The Las Vegas Strip
The Strip, also known as The Las Vegas Strip, is a 4.2-mile (6.8 km) section of the Las Vegas Boulevard. It's name allude to the famous Sunset strip in Los Angeles. The Strip borders the Las Vegas' city limits and is formally not apart of the city. Instead, it is located in the townships of Paradies and Winchester. The Strip is technically only the section of road, but has come to be used to mean the hotels, casinos and entertainment facilities located beside the road as well. The term often also include properties that although technically "off-strip" are consider close enough to be a part of The Strip area. An example of such a property is Las Vegas Hilton, located less than 0.5 miles (0.8 km) east of The Strip.
The Strip was for many years the number one grossing casino location in the world but has since then been surpassed by Macau and is now second. It is still one of the most popular tourist and gambling destinations in the world, and 19 of the 26 biggest hotels (by room count) on the planet are located on The Strip or close enough to be consider a part of The Strip area. The hotels are well known for their flamboyant designs and the recreation of historical buildings and venues, such as those seen in The Venitian and Ceasar's Palace.
The Strip offers a wide variety of gambling. Here you will find most table games as well as rich assortment of slot machines, and much more. The Strip has something for every one, from low limit gambling to extremely high limit games. The payback ratio on The Strip for slot machines and other electronic games are a bit lower than that found in other parts of Las Vegas. An exception from this rule is high stakes machines where The Strip offers the second best odds in Vegas, just slightly behind the best odds. (Information based on the fiscal year that ended in June 2010.)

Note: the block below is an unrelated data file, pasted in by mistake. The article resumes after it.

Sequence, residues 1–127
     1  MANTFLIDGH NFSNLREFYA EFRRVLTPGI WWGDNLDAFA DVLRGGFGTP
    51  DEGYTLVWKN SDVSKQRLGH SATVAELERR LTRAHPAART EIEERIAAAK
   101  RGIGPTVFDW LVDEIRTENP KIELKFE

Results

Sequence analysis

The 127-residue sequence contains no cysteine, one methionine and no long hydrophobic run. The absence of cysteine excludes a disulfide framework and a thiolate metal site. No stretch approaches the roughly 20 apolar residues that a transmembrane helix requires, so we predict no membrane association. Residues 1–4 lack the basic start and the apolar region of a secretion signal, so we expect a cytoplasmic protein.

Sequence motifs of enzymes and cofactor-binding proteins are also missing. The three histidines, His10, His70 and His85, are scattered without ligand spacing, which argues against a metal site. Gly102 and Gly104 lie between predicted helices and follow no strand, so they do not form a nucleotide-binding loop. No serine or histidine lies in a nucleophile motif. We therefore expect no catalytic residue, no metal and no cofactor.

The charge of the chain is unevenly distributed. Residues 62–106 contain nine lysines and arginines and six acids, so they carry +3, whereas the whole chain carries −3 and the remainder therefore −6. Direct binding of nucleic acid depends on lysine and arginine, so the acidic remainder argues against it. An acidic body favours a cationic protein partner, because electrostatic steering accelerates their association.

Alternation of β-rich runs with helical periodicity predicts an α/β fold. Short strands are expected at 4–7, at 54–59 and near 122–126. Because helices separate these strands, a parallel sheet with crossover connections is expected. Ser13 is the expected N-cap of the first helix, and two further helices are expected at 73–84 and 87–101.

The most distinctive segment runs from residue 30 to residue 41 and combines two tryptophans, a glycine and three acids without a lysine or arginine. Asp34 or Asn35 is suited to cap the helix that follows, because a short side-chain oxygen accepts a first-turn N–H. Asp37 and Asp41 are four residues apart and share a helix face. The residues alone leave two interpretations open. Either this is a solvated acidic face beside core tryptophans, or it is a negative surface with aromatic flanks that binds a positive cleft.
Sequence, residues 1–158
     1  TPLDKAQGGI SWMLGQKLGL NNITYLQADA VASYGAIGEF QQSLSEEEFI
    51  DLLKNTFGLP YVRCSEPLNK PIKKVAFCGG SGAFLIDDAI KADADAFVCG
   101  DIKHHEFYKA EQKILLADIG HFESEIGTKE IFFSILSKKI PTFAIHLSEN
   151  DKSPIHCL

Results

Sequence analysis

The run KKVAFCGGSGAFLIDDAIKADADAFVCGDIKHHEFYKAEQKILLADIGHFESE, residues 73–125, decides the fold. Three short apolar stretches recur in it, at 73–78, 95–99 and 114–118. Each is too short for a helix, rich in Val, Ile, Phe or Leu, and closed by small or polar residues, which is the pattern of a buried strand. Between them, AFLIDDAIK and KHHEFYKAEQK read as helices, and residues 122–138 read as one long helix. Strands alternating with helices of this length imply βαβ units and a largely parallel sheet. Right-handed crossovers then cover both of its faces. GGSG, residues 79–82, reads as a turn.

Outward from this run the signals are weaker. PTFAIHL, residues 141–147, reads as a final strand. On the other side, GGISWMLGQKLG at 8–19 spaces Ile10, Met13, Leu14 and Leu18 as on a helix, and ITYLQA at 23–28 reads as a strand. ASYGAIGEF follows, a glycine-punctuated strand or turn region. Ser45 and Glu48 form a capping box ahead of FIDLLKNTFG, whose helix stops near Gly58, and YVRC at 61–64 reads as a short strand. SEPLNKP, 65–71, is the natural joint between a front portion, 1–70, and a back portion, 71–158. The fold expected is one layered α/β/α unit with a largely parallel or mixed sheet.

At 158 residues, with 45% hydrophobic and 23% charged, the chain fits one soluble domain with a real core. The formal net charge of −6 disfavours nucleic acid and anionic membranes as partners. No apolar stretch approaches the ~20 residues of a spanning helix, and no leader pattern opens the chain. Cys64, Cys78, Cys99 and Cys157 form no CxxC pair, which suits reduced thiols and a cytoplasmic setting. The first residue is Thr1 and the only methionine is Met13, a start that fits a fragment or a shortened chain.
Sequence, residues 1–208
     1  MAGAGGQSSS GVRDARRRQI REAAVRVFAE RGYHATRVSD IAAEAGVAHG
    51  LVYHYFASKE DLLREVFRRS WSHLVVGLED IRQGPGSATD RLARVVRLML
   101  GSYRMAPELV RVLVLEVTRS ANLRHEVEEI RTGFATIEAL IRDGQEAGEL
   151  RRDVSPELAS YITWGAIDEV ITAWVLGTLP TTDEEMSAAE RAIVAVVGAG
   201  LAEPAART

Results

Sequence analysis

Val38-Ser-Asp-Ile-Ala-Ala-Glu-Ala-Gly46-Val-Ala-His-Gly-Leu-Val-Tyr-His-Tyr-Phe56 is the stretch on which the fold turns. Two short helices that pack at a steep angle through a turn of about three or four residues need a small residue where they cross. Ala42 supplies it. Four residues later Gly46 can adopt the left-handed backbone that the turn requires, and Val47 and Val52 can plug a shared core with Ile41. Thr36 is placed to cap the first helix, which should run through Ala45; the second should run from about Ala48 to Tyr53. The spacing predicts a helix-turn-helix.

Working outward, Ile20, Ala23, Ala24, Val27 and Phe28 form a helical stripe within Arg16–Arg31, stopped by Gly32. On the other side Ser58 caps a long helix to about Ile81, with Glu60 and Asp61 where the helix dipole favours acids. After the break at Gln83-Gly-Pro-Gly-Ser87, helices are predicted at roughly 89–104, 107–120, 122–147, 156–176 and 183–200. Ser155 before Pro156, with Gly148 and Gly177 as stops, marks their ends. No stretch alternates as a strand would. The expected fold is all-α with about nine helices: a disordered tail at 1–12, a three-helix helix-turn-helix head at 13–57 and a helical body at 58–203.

The Strip is home to many of the world's most famous hotels and casinos. The first hotel to be built on what would eventually become The Strip was El Rancho Vegas which opened its doors on April 3, 1941. This hotel operated for almost 20 years before it burned down. During it's lifetime, it inspired many other entrepreneurs to open hotels in the area. The first edition of the famous MGM Grand Hotel and Casino opened in 1973 with more than 2 000 rooms.
When talking about the history of The Strip and Las Vegas it is hard not to mentioned organized crime and Bugsy Siegel, the New York gangster that took an interest in the area and put it on the map buy opening places like The Flamingo and The Desert Inn. Today, what was once nicknamed Sin City has largely cleaned up its act and both The Strip and Las Vegas City are today dominated by legit businesses run by multi-billion dollar companies. Also, The Strip is no longer focused so heavily on gambling only. If you visit The Strip, make sure to set aside some time for the many things that you can find here besides gambling, such as the popular shows, the first-class shopping, the many theme parks, the lion exhibit at the MGM Grand, and so on.